Skip to main content

Here are 5 mistakes I made building my gaming PC so you don't have to

Brendan's gaming PC
Brendan's gaming PC (Image credit: Windows Central)

Over the holiday 2020 season, I decided to treat myself to some gaming PC upgrades. I saved some money by keeping my old motherboard and storage, but I was able to get my hands on both an i7-9700K (opens in new tab) and an RTX 3070 (opens in new tab), as well as a new Hiearcool 750W power supply (opens in new tab), 32GB of CORSAIR Vengeance RGB RAM (opens in new tab), an NZXT Kraken M22 AIO (opens in new tab), two of NZXT's RGB fans (opens in new tab), and a snazzy NZXT H510 Elite (opens in new tab) case. This combination of hardware was a big step up compared to my previous kit, and I knew it was an investment that was going to pay off.

At that point, the only obstacle that stood between me and a top-notch gaming experience was actually putting it all together.

You see, I had never built a computer before; instead, I had always opted to go to someone else with all the components for assistance. This time, though, I wanted to learn how to do it myself (don't miss our guide on how to build your own PC in 2021, courtesy of my colleague Rich Edmonds). Doing so was a great learning experience, but during the build, I did make some mistakes that led to frustration and wasted time. Also, one of them could have even led to me frying some of my parts, although it luckily didn't.

Here's a look at the mistakes I made so that you can avoid them yourself if you're a newbie PC builder like me.

Not doing compatibility research

Source: Windows Central (Image credit: Source: Windows Central)

I made my first mistake before I even opened my components: in my rush of excitement to upgrade my PC, I didn't check to make sure that each of my parts was compatible with one another.

Prior to settling on the NZXT Kraken M22 AIO cooler, I had actually chosen and purchased the award-winning Noctua NH-D15 air cooler. The problem was that it wouldn't fit on my motherboard without covering up my RGB RAM, defeating the purpose of it entirely. Rotating the cooler to solve this wouldn't work, as that prevented my graphics card from plugging into the PCIe x16 slot. Sure, I could have used the PCIe x8 slot instead, but that would hinder the performance of my beefy RTX 3070.

Thankfully, I was able to get a refund on the Noctua cooler, but this isn't always guaranteed. Therefore, it's important to do proper research before buying components so that you don't have to deal with the risk of buying a component that won't fit your build and can't be refunded.

Being too shaky and nervous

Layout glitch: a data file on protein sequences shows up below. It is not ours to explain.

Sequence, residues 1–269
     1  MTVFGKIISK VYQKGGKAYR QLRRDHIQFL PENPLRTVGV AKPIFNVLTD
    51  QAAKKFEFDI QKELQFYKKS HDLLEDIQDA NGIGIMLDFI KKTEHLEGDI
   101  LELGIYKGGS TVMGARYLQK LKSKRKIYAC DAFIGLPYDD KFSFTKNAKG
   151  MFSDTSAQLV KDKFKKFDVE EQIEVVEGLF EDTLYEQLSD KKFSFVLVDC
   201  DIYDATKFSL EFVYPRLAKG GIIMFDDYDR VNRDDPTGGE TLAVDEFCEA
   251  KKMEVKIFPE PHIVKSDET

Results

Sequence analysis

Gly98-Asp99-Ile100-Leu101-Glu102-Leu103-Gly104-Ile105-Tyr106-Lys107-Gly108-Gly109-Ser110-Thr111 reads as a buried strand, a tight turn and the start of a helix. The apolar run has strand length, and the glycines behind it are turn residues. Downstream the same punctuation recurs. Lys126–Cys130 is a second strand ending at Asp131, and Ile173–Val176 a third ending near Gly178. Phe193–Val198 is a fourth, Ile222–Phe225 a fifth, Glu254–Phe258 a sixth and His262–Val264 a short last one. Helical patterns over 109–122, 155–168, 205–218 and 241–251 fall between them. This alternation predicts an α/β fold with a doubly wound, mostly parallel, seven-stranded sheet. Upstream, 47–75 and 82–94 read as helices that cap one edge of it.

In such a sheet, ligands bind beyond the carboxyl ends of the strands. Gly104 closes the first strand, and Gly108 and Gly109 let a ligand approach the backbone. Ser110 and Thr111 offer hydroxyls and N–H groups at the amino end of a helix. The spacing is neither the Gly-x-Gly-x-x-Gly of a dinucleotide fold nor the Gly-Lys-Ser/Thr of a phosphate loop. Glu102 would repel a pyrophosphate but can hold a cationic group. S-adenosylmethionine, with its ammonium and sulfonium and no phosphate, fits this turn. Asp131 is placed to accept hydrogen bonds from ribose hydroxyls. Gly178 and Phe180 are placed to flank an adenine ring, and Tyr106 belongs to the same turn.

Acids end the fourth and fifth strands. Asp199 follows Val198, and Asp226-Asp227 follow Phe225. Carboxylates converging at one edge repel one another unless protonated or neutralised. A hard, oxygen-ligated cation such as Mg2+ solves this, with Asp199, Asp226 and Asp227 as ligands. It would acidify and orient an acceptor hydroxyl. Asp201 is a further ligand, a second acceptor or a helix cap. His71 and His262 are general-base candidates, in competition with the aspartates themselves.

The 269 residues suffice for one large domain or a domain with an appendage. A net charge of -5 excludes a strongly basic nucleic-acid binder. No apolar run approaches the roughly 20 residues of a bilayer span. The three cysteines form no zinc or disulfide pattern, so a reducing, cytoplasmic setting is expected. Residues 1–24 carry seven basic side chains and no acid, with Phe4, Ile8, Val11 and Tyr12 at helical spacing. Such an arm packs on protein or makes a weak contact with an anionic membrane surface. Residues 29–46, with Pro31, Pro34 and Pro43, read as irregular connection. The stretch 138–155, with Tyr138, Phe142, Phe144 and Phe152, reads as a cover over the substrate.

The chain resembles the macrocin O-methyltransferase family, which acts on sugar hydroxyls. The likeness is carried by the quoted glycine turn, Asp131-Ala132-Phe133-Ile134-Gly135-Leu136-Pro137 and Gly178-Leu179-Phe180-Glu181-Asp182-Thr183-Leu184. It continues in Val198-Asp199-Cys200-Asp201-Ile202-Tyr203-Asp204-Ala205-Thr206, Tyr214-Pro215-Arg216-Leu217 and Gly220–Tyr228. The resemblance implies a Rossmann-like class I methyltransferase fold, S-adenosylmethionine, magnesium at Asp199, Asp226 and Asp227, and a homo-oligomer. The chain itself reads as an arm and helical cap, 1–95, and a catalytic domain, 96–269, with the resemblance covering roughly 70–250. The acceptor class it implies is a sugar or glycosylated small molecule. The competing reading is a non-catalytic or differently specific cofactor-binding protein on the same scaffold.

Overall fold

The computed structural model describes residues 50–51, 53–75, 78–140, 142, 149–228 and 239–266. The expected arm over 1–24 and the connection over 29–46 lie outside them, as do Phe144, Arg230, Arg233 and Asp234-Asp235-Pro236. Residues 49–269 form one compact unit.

Source: Windows Central (Image credit: Source: Windows Central)

One of the worst mistakes I made early in the build process was being too nervous while installing components. It's understandable to be worried about ruining your expensive PC gear, but the fact of the matter is that putting together a PC the right way requires confidence. This is because many connectors require a considerable amount of force to plug in, and also because being shaky while screwing things in can result in crooked or stripped screws.

Not correctly hooking up cables and messing up your screws can result in your components getting damaged, which you obviously want to avoid. Once I took some deep breaths and relaxed, everything went much smoother.

Not using a screw container

Source: Windows Central (Image credit: Source: Windows Central)

Pretty much everything that you put into your PC requires screws for proper installation, and as you build, you're going to need to screw and unscrew things alot. Not having a container to put screws in during this process will inevitably result in frustration, as screws are likely to roll off your workspace and onto the floor. Losing a screw can halt your entire build and prevent you from completing it, so for the sake of your sanity, use a bowl or something similar. I didn't use a container at the start of my build, but eventually I wised up after dropping a screw for the millionth time.

Any type of container is better than none, but I strongly recommend getting a good magnetic screw tray. These will ensure that screws will stick to the surface of the tray and won't go flying everywhere if you accidentally knock the tray itself off of your desk. They're dirt cheap and incredibly helpful, so there's no reason not to pick one up.

Plugging your display into the motherboard

Source: Windows Central (Image credit: Source: Windows Central)

Once my build was finished and was able to post on my test bench successfully, I rushed it over to my gaming space and immediately started hooking everything up. I wasn't really thinking much — I was simply plugging cable connectors into the matching ports. When I booted everything up and started a game, my performance was significantlyworse than what it was in my older rig. How could that be?

Well, as it turns out, I accidentally connected my monitor to my motherboard instead of my RTX 3070. This causes your PC to use your processor's weaker integrated graphics solution as the active GPU. I spent 20 minutes of frustration trying to figure out why my performance was so bad before realizing I made this boneheaded mistake, and suffice to say, I facepalmed pretty hard.

Not grounding yourself

Anti-static Wristband

Source: Windows Central (Image credit: Source: Windows Central)

The final mistake I made while building my PC was that I never grounded myself during the process. Static shocking your PC components is incredibly unlikely, but if it does happen, it can damage or even fry the parts you spent hundreds of dollars on. Thankfully I never had a static charge while building, but you might, especially if you live in a home filled with lots of carpeting.

To ground yourself and ensure that there's no risk of static shocking, you can plug in your power supply with the power switch off and touch it with your hand. You can also get your hands on an anti-static wrist strap if you'd prefer to be even safer. These are cheap, and all you have to do to stay grounded while wearing one is attach the clamp to your PC case and leave it there while building.

For more on preventing static shocking, catch our guide on how to prevent frying your PC insides with static electricity.

Good luck building!

Are you new to the process of building PCs like I am, or are you a seasoned veteran? What are some mistakes you've made before? Let me know in the comments, as I'm eager to learn more myself. Also, don't miss our list of other rookie PC building blunders to avoid if you're looking for more tips. If you'd prefer to go with a pre-built PC, check out our roundup of the best gaming desktop PCs.